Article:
You may have noticed me doing research about the technology stacks being used by apps, this is because I'm involved in a couple federated projects (both of which are new use cases, and extending the format).

One of those (current dayjob) is (for educators to curate educational resources together), and we now decided to use for the back-end, which I explain in detail here:

docs.moodle.org/dev/MoodleNet/

I'm open for feedback & collaboration requests!

@mayel ActivityPub---the protocol favoring dynamically typed languages. *Sigh*

@tuxether It's less about the protocol and more about wanting to be generous and tolerant (if you can put it that way) in terms of interoperabilty.

@mayel Thanks for the great read! Glad you have found the best choice for your needs.

It's a bummer that static typing is viewed as an obstacle -- especially in terms of flexibility. Static typing eliminates a whole class of errors (and Go's duck typing of interfaces is pretty flexible), & the static/dynamic typing just forces folks to consider errors at compile time vs runtime.

I am excited for y'all, and will use this as motivation for future features. :)

in Elixir the need for static typing is reduced due to guards and structs

@mayel

feel free to reach out if you are interested in incubating some of those things in upstream pleroma.

we definitely are interested in doing a lot of those same initiatives for pleroma 2.x series, especially cleaning up the AP code so that it is more modularized, as well as making it possible to run pleroma without OStatus transport and so on.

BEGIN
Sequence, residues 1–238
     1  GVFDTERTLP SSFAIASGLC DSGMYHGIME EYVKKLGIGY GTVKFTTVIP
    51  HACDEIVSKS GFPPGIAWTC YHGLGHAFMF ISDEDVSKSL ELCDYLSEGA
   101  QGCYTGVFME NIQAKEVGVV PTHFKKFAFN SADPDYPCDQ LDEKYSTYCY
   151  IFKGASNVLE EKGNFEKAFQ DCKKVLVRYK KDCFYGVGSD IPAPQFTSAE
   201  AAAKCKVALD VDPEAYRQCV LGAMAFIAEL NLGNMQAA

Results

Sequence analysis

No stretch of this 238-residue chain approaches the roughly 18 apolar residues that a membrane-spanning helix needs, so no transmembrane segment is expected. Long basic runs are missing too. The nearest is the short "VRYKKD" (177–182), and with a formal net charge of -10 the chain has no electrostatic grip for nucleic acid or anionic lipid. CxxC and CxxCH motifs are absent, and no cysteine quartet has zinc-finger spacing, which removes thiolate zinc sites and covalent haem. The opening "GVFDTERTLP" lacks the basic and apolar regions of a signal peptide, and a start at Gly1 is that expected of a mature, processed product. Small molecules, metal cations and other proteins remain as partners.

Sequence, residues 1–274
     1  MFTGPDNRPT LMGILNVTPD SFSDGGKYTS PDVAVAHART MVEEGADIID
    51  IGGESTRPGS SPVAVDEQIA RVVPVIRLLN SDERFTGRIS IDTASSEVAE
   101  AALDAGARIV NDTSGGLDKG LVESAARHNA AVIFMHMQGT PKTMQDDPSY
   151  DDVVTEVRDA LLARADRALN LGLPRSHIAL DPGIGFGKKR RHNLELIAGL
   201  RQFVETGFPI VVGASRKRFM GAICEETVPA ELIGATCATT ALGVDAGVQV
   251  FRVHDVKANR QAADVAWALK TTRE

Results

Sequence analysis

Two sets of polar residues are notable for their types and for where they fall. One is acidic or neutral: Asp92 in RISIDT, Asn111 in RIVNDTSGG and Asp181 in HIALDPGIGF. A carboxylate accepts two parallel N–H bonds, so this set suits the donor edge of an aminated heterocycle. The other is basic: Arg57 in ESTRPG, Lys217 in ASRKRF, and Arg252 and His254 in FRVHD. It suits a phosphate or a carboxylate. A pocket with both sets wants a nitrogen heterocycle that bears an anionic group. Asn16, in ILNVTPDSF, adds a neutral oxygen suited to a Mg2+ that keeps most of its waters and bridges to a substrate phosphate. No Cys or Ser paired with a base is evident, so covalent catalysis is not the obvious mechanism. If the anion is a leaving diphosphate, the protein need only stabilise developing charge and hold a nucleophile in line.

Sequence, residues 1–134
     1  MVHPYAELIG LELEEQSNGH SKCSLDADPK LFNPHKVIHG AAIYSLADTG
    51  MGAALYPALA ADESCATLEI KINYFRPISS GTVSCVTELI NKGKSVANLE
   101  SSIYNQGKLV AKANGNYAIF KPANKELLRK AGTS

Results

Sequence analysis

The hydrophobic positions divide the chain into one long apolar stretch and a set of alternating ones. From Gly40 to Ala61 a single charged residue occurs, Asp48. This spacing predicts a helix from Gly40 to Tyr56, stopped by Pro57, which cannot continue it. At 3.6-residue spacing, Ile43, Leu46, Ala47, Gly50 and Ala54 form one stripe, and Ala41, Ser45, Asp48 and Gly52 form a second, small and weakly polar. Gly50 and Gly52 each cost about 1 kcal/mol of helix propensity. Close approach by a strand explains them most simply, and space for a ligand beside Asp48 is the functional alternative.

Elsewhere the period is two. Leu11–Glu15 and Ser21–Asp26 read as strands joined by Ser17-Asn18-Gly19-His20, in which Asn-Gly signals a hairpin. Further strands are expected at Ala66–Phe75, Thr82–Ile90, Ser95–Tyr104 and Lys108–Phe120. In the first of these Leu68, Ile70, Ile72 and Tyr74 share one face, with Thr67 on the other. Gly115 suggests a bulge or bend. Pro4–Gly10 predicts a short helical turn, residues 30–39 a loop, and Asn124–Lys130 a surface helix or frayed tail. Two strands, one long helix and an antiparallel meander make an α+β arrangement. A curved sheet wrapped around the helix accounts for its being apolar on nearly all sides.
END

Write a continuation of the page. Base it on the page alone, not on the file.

@kaniini

That's good to hear! Do you have any more details about your plans & timelines? I'll also look around the issue tracker in more detail.

@mayel

i missed this somehow.

right now, we plan to release pleroma 1.0 very soon. the last few prerequisites for that are hopefully going in over the next week or two. after that, the tree is basically open for whatever.

@mayel
Woohoo! I have no helpful ideas atm but yay! Your projects sound awesome.

@mayel Good call with Elixir. I use Go in my dayjob and appreciate both its concurrency and lack of robustness. Having a process not crash the whole system, and choosing Elixir over more popular languages, makes it clear that you're prioritizing robustness. That's a refreshing change of pace.

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